Written by By Staff Writer
(CNN) — Former South Korean military dictator Chun Doo-hwan has died, a government spokesman said Wednesday. He was 90.
Chun was ousted in the 1997-98 “shock” democratic uprising.
He had been under house arrest at his home in Seoul, the AP reported.
His death comes just a few days after South Korea’s first elected female president, Park Geun-hye, who was ousted in a corruption scandal.
Park’s impeachment was upheld by the Constitutional Court last month and she faces possible prosecution, not least over charges of conspiracy related to a right-wing plot in the 1970s to cancel elections and establish a dictatorship.
Park maintains her innocence and in a TV interview the day after the impeachment was upheld, denied she had ever conspired to overthrow the South Korean democracy.
Also in 2017, then-President Lee Myung-bak resigned amid an influence-peddling scandal.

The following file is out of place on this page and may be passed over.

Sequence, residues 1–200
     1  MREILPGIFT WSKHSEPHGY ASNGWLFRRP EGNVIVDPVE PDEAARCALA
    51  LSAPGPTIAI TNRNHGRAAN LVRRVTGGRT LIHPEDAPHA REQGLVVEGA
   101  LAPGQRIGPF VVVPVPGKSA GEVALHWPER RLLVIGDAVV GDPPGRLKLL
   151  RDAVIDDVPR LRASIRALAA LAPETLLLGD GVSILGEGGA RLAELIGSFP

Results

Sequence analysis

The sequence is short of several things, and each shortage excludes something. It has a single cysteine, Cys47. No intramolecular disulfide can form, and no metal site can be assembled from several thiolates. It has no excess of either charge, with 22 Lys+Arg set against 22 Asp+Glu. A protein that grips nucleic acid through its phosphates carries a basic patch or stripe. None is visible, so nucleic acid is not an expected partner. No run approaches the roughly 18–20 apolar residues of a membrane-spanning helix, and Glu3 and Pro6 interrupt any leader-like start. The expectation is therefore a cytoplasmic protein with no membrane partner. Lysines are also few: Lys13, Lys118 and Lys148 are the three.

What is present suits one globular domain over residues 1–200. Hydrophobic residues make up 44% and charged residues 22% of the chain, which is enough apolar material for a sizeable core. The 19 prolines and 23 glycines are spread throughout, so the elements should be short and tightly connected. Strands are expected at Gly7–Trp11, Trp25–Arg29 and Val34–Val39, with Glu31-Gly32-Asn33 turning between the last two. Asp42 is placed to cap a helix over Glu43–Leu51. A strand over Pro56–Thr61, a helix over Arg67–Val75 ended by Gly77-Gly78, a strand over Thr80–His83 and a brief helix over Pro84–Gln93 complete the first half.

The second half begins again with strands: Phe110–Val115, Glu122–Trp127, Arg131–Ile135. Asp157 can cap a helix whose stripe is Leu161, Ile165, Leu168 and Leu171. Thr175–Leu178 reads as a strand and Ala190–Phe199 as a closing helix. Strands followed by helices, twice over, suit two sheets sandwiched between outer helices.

Before becoming President Park’s mentor and mentor-turned-enforcer, Chun was the army chief of staff from 1969 to 1972.
In that year, he narrowly survived being shot by pro-North Korean forces when he returned from Vietnam.
His government in the 1970s was accused of torturing political prisoners, and he was later accused of plotting to overturn the country’s democratic reforms in the 1980s.
His government was toppled in South Korea’s biggest ever mass demonstrations, dubbed the “April Spring” in 1987.
In the late 1990s, Chun was sentenced to 20 years in prison for human rights violations, but he was pardoned in 2002 by the current President Lee Myung-bak, who then served as South Korea’s prime minister.
Chun had also been the face of South Korea’s 1988 Olympic bid and, in 2000, he was given a new chapter in life as ambassador to Britain.